Back on the bus, we cross the border into Austria where the gardens are about two weeks ahead of those in Bavaria: forsythia, magnolia and apple trees are in blossom; tulips, daffodils and forget-me-nots are blooming. It’s an omen that all will be well for future cruising.
At 8:30 on Thursday morning, the tour for the Austrian town of Melk departs. This is the one destination I’ve really been anticipating. This sleepy little town of 5,000 welcomes up to 5,000 visitors a day – 500,000 visitors a year. Ninety riverboats arrive on the Danube each week. The town is overshadowed by the incredibly beautiful ochre and white Benedictine Abbey, established in the 11th century and continuously active as a Benedictine monastery since its foundation. It has withstood the Reformation of the 1500s, Napoleon in the 1800s and the Nazis in the 1900s. Today, only 33 monks are in residence, and 900 students are enrolled in the school. Our guide that day had been educated here, and one of the monks proudly welcomes her.
We tour the 60 rooms built especially for the royal family. What we thought was marble was plaster ingeniously painted pink to look like marble or yellow to look like gold. Who could blame the monks for trying to pull one over on the Habsburgs? While the rooms had to be constantly prepared for the monarchy, there were only two royal visits in 250 years.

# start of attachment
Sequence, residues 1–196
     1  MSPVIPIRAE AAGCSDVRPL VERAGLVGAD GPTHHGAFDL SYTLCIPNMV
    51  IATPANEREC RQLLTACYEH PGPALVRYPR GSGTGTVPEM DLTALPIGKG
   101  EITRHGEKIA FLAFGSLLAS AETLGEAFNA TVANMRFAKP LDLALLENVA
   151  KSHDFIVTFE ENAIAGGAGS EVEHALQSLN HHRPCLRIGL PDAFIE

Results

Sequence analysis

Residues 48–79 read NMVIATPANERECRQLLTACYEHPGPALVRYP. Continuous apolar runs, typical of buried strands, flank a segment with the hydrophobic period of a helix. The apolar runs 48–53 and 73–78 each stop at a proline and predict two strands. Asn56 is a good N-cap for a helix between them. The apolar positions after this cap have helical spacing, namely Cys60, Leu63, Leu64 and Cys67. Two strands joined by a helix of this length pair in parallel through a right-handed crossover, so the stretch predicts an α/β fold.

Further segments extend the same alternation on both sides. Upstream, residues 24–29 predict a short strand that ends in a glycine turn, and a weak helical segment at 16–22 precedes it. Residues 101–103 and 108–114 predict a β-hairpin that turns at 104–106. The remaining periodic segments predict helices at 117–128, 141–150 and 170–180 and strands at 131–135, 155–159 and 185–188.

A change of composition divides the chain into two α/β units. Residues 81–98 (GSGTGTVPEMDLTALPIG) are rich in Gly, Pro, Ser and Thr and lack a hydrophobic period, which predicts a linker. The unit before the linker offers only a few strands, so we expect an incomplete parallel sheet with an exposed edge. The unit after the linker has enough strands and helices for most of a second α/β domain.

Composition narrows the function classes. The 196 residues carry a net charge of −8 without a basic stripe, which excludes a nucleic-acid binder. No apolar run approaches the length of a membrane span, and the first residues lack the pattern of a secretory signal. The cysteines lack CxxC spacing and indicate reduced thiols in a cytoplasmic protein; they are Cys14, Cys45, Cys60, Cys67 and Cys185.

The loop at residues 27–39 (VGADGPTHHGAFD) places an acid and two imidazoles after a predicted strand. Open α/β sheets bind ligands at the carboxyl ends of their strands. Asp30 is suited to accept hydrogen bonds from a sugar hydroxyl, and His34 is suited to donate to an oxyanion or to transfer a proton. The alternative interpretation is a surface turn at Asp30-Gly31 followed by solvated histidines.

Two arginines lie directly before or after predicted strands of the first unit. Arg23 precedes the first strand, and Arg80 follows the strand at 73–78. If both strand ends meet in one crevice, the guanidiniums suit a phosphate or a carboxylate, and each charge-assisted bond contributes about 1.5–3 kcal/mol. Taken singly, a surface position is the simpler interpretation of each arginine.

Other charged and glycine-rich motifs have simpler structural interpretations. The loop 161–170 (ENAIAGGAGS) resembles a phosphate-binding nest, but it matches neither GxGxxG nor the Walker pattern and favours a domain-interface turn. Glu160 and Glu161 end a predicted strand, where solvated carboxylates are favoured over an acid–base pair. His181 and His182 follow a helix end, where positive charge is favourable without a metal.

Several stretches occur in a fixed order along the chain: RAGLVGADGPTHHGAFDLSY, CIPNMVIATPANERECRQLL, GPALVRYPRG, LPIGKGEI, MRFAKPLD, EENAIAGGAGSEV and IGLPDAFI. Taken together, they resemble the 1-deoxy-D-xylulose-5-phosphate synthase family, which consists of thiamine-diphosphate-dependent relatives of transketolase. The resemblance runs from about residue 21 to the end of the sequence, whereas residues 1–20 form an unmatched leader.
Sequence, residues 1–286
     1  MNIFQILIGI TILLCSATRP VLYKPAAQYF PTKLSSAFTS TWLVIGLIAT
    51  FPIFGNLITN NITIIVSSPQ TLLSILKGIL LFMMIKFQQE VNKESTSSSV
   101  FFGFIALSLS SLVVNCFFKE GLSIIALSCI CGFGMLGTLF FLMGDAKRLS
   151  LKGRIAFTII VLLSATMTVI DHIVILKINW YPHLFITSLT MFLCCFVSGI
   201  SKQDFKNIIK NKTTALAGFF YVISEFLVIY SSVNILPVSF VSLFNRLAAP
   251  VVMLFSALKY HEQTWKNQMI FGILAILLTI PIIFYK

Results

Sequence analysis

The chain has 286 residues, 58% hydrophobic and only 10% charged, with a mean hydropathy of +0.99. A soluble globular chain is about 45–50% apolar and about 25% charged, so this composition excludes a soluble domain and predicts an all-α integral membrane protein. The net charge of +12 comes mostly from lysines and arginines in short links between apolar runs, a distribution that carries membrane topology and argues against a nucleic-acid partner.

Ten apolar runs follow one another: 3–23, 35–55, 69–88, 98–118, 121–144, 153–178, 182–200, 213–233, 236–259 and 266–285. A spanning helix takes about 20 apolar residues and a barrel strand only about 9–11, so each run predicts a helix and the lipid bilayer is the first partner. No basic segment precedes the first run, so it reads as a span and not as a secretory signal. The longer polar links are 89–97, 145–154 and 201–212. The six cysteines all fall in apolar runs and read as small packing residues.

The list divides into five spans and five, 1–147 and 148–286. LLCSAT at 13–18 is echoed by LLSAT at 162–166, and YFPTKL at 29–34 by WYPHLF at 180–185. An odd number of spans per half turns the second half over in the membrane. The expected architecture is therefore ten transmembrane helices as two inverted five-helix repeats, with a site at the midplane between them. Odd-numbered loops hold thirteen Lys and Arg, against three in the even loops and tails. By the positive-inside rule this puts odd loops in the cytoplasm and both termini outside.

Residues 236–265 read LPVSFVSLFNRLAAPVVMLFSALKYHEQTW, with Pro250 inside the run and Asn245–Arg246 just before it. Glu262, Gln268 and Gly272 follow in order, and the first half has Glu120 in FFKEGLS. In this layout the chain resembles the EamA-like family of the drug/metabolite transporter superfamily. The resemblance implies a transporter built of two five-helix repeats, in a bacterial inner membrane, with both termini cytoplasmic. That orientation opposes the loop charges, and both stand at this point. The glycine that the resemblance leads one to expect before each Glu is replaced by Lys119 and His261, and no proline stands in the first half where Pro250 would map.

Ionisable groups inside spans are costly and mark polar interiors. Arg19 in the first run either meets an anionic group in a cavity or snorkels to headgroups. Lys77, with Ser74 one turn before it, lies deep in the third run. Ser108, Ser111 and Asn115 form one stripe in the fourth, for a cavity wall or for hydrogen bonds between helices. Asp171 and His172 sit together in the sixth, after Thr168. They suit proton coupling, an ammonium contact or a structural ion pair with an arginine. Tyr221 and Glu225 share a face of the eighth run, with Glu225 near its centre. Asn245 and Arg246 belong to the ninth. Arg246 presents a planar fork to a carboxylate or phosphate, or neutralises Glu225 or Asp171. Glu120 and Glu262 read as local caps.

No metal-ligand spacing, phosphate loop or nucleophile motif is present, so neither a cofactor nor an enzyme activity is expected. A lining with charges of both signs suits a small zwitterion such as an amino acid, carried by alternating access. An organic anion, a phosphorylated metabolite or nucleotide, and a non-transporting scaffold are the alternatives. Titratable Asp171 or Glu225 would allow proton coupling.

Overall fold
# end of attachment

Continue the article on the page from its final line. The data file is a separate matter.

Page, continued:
The ceiling of the abbey’s magnificent baroque library (painted by Paul Troger) is an incredible trompe l’oeil of St. Benedict’s ascent to Heaven. Containing more than 100,000 volumes identically bound in leather on carved wooden shelves, the library is a working one. Students can access any book. Of course, if the book is old – more than 600 years – a copy is used, not the original. The recent restoration of the abbey was partly financed by the sale of a Gutenberg Bible to Harvard University in Boston.
Back on board, we head to the sun deck as our ship cruises into the Wachau Valley, the 30-kilometre stretch of the Danube between Melk and Krems. Designated a UNESCO World Heritage site and rated as one of the top 10 cruises in the world by Insight Guides’ Great River Cruises, the valley enjoys a mild climate and is Austria’s prime wine-growing region. Its steep sides are latticed with vineyards and apricot trees, interspersed with charming villages that seem not to have changed in centuries. The sun is shining, and we toast the Wachau with a locally produced wine.
That evening sees us docked outside of Vienna. A coach takes us to the Augarten Palace, home of the famous Vienna Boys Choir where a private 40-minute performance has been arranged for us. Their angelic voices soar in the intimate setting although one of the singers is about to “graduate” – his voice is changing.